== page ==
The first session of the Indian parliament post the general elections 2019 witnessed some of the most watched and discussed debates in the recent times during the motion of thanks on the President’s address of both the houses. It has been a long time since we have experienced some worthy debates on the floors of the parliament. The political discourse had never been conducive for healthy discussions among the members of both the houses. However, it seems that there has been some improvement in the quality of debates. Barring some unparliamentary remarks from both the sides, the ruling and the opposition MPs have made their presence felt. People may have differed in their views, but an argument based on facts and figures attracts the attention of a broader audience. It was also very pleasing to see some new speakers. Take the case of Mahua Moitra of TMC. After a long time, we saw someone speaking with conviction. Even though this was her maiden speech in the parliament and was subjected to interruptions by the ruling MPs, it was an impressive speech. She was articulate, to the point and handled the interruptions by pointing to the speaker that parliament is not a place for professional heckling. Smart, fierce, knowledgeable, and equally capable of speaking in Bengali, English, and Hindi, she was the one to watch for. Think of a Bengali parliamentarian, who spoke fluently in Hindi!!!
Asaduddin Owaisi of AIMIM spoke with a lot of passion. He brought out the issues of triple Talaq, mob lynching, and nationalism. He argued about what happens to Muslim women when the husband is in jail and also why the government is taking a different stand on Sabarimala.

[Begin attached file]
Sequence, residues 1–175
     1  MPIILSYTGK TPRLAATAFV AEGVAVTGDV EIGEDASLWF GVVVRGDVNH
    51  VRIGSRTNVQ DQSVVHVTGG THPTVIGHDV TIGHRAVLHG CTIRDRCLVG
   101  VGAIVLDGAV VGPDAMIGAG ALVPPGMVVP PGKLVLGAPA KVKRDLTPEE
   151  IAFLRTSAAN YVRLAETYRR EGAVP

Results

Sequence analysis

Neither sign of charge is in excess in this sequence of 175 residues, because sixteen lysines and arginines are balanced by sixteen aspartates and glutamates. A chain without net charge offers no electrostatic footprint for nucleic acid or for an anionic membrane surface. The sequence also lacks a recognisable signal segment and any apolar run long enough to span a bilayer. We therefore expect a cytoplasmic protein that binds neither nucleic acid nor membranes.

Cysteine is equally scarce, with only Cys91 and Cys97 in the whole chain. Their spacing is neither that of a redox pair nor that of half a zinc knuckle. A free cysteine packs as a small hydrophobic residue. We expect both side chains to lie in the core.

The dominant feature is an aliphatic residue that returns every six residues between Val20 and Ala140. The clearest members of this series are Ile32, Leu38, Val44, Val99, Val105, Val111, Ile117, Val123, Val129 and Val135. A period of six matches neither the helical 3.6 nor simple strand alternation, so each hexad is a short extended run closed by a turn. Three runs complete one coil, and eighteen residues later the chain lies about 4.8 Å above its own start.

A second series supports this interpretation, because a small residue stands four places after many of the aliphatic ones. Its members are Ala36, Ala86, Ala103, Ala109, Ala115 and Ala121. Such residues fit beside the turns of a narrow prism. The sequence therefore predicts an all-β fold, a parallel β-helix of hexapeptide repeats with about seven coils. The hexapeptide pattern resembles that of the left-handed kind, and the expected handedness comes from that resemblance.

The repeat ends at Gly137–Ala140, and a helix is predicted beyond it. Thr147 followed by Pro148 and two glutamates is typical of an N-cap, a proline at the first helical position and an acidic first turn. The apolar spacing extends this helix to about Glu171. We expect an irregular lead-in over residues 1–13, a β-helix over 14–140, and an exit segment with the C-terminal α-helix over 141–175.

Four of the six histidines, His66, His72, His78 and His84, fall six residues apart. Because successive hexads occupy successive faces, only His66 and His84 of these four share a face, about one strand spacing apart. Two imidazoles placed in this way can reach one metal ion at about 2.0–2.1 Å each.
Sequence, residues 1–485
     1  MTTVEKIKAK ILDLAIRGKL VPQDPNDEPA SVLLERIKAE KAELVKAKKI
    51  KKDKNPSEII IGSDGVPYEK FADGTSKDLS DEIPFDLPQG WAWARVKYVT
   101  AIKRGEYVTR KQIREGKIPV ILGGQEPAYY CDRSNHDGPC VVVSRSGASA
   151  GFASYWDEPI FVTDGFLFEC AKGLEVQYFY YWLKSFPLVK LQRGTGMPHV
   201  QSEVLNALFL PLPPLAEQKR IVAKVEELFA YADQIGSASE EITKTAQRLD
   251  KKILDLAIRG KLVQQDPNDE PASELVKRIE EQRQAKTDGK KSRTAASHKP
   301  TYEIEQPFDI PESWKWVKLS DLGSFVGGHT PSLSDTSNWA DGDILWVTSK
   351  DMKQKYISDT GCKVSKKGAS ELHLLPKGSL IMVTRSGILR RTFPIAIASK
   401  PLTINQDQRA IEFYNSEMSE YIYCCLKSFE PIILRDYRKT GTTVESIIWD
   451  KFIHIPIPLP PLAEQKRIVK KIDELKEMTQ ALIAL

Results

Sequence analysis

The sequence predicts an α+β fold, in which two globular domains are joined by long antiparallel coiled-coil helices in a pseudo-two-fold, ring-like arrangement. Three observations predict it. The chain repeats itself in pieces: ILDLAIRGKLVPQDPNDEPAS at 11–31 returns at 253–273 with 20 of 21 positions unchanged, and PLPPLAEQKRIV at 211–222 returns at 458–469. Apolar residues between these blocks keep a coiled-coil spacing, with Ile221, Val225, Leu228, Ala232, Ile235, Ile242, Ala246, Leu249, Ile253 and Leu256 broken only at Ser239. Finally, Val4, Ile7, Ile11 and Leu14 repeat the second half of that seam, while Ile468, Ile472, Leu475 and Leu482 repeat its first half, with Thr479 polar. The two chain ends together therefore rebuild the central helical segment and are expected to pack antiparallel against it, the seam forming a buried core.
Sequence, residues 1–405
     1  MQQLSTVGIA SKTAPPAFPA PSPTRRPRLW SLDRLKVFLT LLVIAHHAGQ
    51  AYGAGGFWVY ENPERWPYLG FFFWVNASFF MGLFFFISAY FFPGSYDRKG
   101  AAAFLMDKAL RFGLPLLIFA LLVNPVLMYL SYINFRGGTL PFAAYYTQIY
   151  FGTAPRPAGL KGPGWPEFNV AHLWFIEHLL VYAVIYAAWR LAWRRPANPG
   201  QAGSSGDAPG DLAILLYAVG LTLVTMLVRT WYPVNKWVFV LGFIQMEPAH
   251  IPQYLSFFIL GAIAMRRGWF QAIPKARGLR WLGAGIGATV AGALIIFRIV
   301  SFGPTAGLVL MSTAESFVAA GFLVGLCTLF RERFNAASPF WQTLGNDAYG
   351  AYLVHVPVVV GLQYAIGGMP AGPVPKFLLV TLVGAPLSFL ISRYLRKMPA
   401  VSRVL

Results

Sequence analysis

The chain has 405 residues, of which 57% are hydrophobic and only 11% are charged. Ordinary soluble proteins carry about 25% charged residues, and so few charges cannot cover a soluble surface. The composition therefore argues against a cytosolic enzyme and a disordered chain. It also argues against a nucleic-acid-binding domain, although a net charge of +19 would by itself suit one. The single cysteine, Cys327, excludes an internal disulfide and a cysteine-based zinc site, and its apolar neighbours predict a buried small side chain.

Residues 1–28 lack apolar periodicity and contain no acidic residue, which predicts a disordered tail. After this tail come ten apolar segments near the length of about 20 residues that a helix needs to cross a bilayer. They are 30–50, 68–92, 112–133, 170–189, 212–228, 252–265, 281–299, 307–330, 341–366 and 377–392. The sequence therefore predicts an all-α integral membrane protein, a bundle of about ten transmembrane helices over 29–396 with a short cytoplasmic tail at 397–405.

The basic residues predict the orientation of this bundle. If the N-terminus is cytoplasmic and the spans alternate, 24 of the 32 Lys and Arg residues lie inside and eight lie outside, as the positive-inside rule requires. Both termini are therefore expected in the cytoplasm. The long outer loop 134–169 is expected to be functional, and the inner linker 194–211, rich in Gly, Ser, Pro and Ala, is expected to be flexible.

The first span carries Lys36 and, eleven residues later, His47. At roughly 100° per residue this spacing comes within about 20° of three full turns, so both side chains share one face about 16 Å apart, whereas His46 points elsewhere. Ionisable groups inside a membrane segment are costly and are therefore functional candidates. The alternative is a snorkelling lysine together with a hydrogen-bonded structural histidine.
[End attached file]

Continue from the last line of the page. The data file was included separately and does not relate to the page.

One more MP who took us by surprise was Adhir Ranjan Chowdhury of INC. He has always been a dakabuko (fearless) in his approach to politics. However, being the newly appointed leader of the Congress party in the 17th Lok Sabha, he mixed humor with punches to attack the government on several issues. Hopefully, Congress will use him effectively, both inside and outside of the parliament.
As always the inimitable Ramdas Athawale of the Republic Party of India (A) was in his best by infusing poetry. He never shies away from accepting the changing sides of his political lineage. He brought about the much needed relief to the house with his sense of humor.
Mr. Pratap Swarng of BJP, the new social media star because of his simplicity, was rather flattering in his speech by comparing PM Modi with Swami Vivekananda. In his multilingual speech, he also raised the issues of Vande Mataram during his remarks.
Finally, Mr. Modi was his usual best. He spoke for more than an hour and rebutted the opposition remarks with wit and sarcasm. Hopefully, the Prime Minister comes along often in the discussion and sends strong messages as he did in the Rajya Sabha against the mob-lynching in Jharkhand. Hope that he also walks the talk and not only sees the ground, but also feels and heals the ground.
Arun Jaitley of BJP, one of the most exceptional speakers over the last few parliamentary sessions, was missed though.
For a vibrant and functioning democracy, which can bring meaningful changes to the lives of billions of people in India, we need a genuinely democratic and working parliament, which will reflect the aspirations of the people. It should be inclusive, pluralistic, and at the same time futuristic to meet not only the issues in hand but also capable of mitigating the impending challenges. The policy framework needs an environment of healthy discussions, but at the same time, people should not stall a bill for the sake of opposition. Both the government and the opposition have their rights, but the objective should be to work towards the betterment of the country. A healthy debate can bring meaningful insights into the crayon of law-making. The beginning has been good so far, let us hope it stays its course throughout the next five years and the country can be proud of its policymakers. We have often missed the bus. Time is not only to catch the bus but provide a secure and fast ride to its destination for a developed and democratic nation in its true sense.
- Prof. Debasis Rooj, Associate Professor – Economics & Prof. Reshmi Sengupta, Associate Professor – Economics